Monday, April 14, 2003

Throughout the war in Iraq, George Bush has seemingly upheld his reputation for being impervious to doubt. Never did we see him or hear him reported to be troubled by reports of American casulaties, dead Iraqi civilians, or mass destruction. Only once did I see any report that he was disturbed by anything. And what, amidst all this death, moved the president? The capture of Private Jessica Lynch.

So I wasn't surprised when Lynch became the first POW to be (dramatically) rescued. But it doesn't seem like Bush was the only person Lynch's capture got to. Lynch immediately became the cover girl of every American newspaper and magazine; she's become the American face of this war. It makes you wonder what odd chivalric battle is going on in the male American mind as it watches attractive young women being sent into battle.

Of course, I also realized that Lynch was not even the only woman to have been taken captive in the opening days of the war. But we heard almost nothing about the other woman POW, Army Specialist Shoshana Johnson--an African American woman. So when Johnson and a group of other POWs were freed yesterday, I was interested to see how her story was covered in comparison to Lynch's.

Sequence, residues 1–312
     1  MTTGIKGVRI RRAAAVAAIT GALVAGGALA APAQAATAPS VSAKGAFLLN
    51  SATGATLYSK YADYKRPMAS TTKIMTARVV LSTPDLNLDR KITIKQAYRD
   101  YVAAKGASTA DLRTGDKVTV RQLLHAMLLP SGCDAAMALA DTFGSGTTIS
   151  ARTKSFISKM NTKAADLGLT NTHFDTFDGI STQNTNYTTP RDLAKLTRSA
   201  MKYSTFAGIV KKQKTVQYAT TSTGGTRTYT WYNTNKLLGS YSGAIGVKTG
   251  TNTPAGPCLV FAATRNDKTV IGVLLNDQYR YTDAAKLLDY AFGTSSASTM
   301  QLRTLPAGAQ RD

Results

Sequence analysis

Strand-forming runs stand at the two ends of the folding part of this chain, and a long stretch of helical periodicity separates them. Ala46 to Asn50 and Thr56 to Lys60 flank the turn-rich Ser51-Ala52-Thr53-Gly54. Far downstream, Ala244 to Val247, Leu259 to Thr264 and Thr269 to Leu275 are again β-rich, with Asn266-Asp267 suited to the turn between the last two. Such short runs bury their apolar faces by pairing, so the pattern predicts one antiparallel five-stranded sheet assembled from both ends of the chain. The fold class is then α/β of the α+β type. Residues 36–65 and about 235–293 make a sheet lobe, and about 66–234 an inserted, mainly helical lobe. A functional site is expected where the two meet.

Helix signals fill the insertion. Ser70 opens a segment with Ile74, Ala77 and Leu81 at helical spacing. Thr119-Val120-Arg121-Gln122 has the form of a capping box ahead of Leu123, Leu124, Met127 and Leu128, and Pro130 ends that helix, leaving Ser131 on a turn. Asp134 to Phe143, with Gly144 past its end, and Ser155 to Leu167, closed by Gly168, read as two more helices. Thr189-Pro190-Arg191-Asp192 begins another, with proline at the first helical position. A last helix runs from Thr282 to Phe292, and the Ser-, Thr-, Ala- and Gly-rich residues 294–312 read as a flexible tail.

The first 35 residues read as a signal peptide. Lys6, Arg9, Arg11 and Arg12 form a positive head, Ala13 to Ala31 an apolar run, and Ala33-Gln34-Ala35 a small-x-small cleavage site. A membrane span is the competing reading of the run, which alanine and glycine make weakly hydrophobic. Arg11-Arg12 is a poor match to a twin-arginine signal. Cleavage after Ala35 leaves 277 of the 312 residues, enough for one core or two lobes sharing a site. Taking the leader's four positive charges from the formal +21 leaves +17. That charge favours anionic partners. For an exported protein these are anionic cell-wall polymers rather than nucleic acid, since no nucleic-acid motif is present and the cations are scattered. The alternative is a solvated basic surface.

Well, I get the San Jose Mercury News at home, and Johnson was indeed on the cover, and her story led the front-page article. But while the initial news photos of Lynch were blown up so that her face filled the frame, Johnson was shown only in the middle ground, being led by two soldiers out in front of her. Inside the paper there were pictures of all the rescued POWs, and here we saw the power of a comma. The first picture was of Chief Warrant Officer Ronald D. Young, Jr. He was listed as: "Single, father of one." Johnson was listed last, as: "Single mother of one." Young's roles as "single" and "father" are allowed to be separate, but Johnson gets tagged with the package "single mother"--which under a picture of a black woman is hardly an innocent slip.

I think, though, that the most chilling thing was a quote from Johnson herself late in the story:

"`They broke down the door and shouted "Down, Down, Down,"' Johnson said. Added Miller: 'They shouted, "If you're an American stand up."'

"'At first they didn't realize I was an American,' Johnson said."

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